Flights

New Triangle breweries in 2017: Part 2

Erik Myers during the brewing process at the Mystery Brewing Company in Hillsborough, N.C. Friday, August 19, 2016. The brewery is getting ready to launch its first-ever year-round beer and will also open a restaurant in 2017.
Erik Myers during the brewing process at the Mystery Brewing Company in Hillsborough, N.C. Friday, August 19, 2016. The brewery is getting ready to launch its first-ever year-round beer and will also open a restaurant in 2017. cliddy@newsobserver.com

There are so many breweries coming to the Triangle in 2017 that just one column couldn’t cover them all. So one week after writing 850 words on the topic, I’m back with even more on new breweries set to open in the next year.

[From last week: “New Raleigh, Durham breweries set to open in 2017”]

Coming to Durham is a partnership between two popular beer businesses from a few miles west.

Carrboro’s Starpoint Brewing is combining forces with Chapel Hill neighbors Beer Study, a bottle shop, to expand to Durham’s Rockwood Shopping Center.

It will be called Beer Study, just like the Chapel Hill location, but it will combine both businesses. In addition to selling bottles and cans, the new Beer Study will have beers on tap – including many from Starpoint, which is also going to grow its production with a new brewing facility in the back. And, according to our friends at the Triangle Business Journal, Chapel Hill barcade The Baxter will also be contributing some games to the new space.

Also in Durham, Bull City Ciderworks is finally returning to town. The company has been making its cider 90 miles away in Lexington since last April, when the police bought their building in downtown Durham. A Kickstarter campaign brought in nearly $30,000 to help them find a new Durham home, and now spokeswoman Melissa Chieffe said the cidery should re-open next month, at 305 S. Roxboro St.

“Our latest update from the contractor is that we should be ready in early February,” she said. “We plan to set a grand opening date very soon, which we will announce on social media.”

An unusual project taking shape near RTP is Barrel Culture Brewing and Blending. It’s a first-of-its-kind undertaking for this area, led by Steve English. English plans to open with 100 or more oak barrels to produce funky and sour wild ales, barrel-aged beers and specialty-blended concoctions. In other words, you won’t find much typical beer once it opens.

Even the tap handles, English said, will be wrought iron pieces forged by a blacksmith well-known among beer nerds nationally, who goes by the nickname Whaleslayer.

The plan for now is that it will open this summer at 4913 S. Alston Ave., Durham – not far from the intersection of N.C. 55 and Interstate 40. Beer nerds will recognize the location as being very close to The Glass Jug, a popular bottle shop off of N.C. 55.

Continuing west on I-40 into Orange County and the little town of Hillsborough will bring you to Mystery Brewing. Later this year, company founder Erik Lars Myers plans build a restaurant at the brewery. Myers and crew will also start producing their first year-round offering, instead of just making seasonal beers. Golden Hind, a pale ale, will be available starting next month.

Wake County

In Cary, lovers of kombucha will have reason to rejoice when Tribucha Kombucha opens in a familiar spot. They’ll be sharing space at Fortnight Brewing, both at the bar and in the production area. Tribucha plans to be open by mid-February.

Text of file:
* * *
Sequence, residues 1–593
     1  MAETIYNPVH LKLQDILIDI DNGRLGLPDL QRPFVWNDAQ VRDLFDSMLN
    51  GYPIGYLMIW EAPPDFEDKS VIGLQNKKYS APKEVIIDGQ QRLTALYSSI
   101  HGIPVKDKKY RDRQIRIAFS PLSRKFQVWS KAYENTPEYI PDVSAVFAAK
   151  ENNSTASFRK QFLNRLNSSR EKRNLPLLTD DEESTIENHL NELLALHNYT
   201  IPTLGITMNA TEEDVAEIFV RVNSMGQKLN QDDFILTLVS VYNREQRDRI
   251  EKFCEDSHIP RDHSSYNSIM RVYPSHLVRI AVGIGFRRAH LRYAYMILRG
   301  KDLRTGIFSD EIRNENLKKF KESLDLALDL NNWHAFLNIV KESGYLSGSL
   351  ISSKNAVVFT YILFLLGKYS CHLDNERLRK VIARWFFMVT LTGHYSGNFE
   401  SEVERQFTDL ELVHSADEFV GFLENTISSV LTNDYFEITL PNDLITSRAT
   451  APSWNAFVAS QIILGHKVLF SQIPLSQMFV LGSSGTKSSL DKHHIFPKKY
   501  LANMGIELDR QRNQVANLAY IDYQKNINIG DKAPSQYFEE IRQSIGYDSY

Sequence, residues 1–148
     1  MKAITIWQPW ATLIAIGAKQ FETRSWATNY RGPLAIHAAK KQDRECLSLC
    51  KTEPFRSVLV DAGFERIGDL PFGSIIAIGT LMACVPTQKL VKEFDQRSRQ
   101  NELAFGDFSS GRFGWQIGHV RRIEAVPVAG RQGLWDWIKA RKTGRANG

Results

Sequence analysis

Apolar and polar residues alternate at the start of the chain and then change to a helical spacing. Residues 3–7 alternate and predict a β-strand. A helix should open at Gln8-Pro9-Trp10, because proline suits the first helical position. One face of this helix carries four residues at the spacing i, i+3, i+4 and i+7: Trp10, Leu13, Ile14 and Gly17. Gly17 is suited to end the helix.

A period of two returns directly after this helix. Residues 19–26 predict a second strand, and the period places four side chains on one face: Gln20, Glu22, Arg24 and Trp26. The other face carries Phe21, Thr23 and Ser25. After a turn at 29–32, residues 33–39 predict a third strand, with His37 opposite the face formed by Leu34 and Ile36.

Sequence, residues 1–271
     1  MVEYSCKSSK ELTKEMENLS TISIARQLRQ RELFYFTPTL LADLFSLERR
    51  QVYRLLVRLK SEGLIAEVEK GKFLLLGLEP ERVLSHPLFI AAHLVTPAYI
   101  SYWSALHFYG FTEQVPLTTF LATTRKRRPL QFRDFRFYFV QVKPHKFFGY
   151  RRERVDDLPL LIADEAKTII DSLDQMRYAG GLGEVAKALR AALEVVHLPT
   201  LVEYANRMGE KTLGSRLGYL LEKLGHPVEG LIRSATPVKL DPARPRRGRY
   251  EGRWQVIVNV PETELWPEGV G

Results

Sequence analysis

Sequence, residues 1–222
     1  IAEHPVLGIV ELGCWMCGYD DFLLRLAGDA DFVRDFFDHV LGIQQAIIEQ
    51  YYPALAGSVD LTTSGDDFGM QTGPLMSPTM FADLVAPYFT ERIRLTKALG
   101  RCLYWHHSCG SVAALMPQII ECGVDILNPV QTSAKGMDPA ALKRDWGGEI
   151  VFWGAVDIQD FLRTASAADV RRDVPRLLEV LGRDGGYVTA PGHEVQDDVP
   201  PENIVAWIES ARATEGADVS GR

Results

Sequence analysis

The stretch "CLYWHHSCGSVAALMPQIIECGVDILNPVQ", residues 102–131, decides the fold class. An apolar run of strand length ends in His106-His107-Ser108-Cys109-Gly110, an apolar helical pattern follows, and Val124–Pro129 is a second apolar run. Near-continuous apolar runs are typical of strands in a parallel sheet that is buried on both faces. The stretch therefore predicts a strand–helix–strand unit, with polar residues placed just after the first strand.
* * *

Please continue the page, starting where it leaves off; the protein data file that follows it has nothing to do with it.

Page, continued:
Tribucha already distributes its kombucha – which is a fermented tea that’s becoming more popular with every passing month – to about 100 different stores. This facility will let them expand their production and give them to ability to serve it to people straight from the tap.

“It will be one of, if not the largest, kombucha brewery on the East Coast,” said Adrien Larrea, one of Tribucha’s founders.

In Eastern Wake County, meanwhile, Knightdale and Wendell will soon get breweries.

In Wendell, Four Wagons Brewing Co. hasn’t opened but is making beer, and giving it away at free tastings around town for feedback. Once open, they’ll share space with Wine and Beer 101, a bottle shop at 21 N. Main St.

In Knightdale, Oak City Brewing Co. has been open for a year now, selling other people’s beers. But the plan was always to make and sell their own as well, and the brewers say that should become a reality by mid-2017. It’s located at 616 N. 1st Ave.

Updates

Finally, four updates on businesses I mentioned last week.

▪ The Raleigh location of the Tobacco Road Sports Cafe – including the chain’s first brewery – opened this week at 505 W. Jones St. (where Natty Greene’s Brewing Co. used to be).

▪ Just south of downtown on the Raleigh-Garner border, Brice’s Brewing Co. will have its grand opening on Jan. 14. They’re located at 1822 Garner Station Blvd., which is off U.S. 401 just south of Tryon Road.

▪ In Durham, Modern Romance owner Paul Hobson said they’re in the second round of negotiations for a spot in the Bull City, after an earlier location fell through. He said he’ll announce where the brewery will be once they have signed a lease and gotten financing.

“That would potentially put us open late this year or early (2018) depending on the timing of that, the bank, and then just the usual, boring buildout and permitting process,” Hobson said.

▪ Also in Durham, Hope Valley Brewing Co. no longer plans to brew its own beer – at least not in the near future – although it will continue with its brewpub business at 4810 Hope Valley Rd. that has been open since last year.

“We are really focusing on unique, special food and craft beer offerings from brewers in N.C. and beyond,” co-owner Peter Michaels said.

Doran: 919-836-2858; Twitter: @will_doran

  Comments